Kosmos 21

Kosmos 21
Mission type Venus flyby
COSPAR ID 1963-044A
SATCAT № 687
Spacecraft properties
Spacecraft type 3MV-1
Manufacturer OKB-1
Launch mass 890 kg (1,960 lb)
Start of mission
Launch date 11 November 1963, 06:23:35 (1963-11-11UTC06:23:35Z) UTC
Rocket Molniya 8K78M s/n G103-18
Launch site Baikonur 1/5
End of mission
Decay date 14 November 1963 (1963-11-15)
Orbital parameters
Reference system Geocentric
Regime Low Earth
Eccentricity 0.002583
Perigee 195 kilometers (121 mi)
Apogee 229 kilometers (142 mi)
Inclination 64.8°
Period 88.5 minutes

Kosmos 21 (Russian: Космос 21 meaning Cosmos 21) was a Soviet spacecraft with an unknown mission. This mission has been tentatively identified by NASA as a technology test of the Venera series space probes. It may have been an attempted Venus flyby, presumably similar to the later Kosmos 27 mission, or it may have been intended from the beginning to remain in geocentric orbit. In any case, the spacecraft never left Earth orbit after insertion by the SL-6/A-2-e launcher. The orbit decayed on November 14, three days after launch.

Cosmos 21 was launched at 06:23:35 UTC on 11 November 1963, atop a Molniya 8K78 carrier rocket flying from Site 1/5 at the Baikonur Cosmodrome. Its original development name before being given the Cosmos 21 denomination once it reached orbit was 3MV-1 No. 1.[1]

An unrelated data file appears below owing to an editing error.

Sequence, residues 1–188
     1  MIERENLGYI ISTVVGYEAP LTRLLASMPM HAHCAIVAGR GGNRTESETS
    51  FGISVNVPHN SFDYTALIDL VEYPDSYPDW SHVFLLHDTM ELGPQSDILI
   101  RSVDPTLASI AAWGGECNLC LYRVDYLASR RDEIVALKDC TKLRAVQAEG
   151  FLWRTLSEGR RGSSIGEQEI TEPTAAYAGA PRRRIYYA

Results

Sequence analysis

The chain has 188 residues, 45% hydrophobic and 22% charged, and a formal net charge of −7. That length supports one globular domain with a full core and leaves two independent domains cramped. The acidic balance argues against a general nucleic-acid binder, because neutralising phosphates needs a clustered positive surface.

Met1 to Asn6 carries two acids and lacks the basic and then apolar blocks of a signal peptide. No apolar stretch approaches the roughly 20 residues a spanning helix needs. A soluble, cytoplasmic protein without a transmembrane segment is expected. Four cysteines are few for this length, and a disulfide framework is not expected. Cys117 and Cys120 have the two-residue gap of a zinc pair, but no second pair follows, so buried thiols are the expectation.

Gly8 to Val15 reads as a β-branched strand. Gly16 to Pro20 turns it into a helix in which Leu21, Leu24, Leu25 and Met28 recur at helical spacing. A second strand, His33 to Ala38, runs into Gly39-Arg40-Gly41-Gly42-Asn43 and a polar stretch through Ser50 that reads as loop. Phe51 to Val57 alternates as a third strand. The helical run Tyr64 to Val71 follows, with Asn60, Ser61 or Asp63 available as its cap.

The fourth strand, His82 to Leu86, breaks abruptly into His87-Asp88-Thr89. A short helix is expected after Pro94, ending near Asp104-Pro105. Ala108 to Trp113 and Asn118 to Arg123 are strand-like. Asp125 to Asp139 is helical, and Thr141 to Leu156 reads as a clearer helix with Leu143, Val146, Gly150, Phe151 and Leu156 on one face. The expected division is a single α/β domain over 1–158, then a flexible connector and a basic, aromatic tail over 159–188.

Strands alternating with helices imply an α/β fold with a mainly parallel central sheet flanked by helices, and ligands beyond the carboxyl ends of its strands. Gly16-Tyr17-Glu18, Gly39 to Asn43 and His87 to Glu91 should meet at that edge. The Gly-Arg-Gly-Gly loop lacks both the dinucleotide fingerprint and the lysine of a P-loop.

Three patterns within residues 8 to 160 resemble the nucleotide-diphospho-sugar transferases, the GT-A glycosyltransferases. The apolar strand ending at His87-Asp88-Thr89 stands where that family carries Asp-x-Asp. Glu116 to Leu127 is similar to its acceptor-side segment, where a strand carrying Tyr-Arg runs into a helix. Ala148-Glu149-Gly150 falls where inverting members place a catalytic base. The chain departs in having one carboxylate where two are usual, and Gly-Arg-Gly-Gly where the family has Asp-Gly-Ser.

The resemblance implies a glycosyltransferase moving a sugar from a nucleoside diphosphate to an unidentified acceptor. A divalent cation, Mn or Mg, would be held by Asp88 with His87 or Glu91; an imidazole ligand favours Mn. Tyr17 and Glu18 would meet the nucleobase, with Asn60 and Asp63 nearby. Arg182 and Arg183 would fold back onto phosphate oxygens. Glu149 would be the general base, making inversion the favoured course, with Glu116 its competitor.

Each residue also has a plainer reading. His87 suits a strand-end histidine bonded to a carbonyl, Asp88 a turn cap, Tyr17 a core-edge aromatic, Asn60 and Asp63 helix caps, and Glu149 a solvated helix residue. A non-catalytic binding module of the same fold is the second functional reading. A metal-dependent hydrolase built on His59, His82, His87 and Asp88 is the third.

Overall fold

Beginning in 1962, the name Kosmos was given to Soviet spacecraft which remained in Earth orbit, regardless of whether that was their intended final destination. The designation of this mission as an intended planetary probe is based on evidence from Soviet and non-Soviet sources and historical documents. Typically Soviet planetary missions were initially put into an Earth parking orbit as a launch platform with a rocket engine and attached probe. The probes were then launched toward their targets with an engine burn with a duration of roughly 4 minutes. If the engine misfired or the burn was not completed, the probes would be left in Earth orbit and given a Kosmos designation.


  1. McDowell, Jonathan. "Launch Log". Jonathan's Space Page. Retrieved 10 January 2011.

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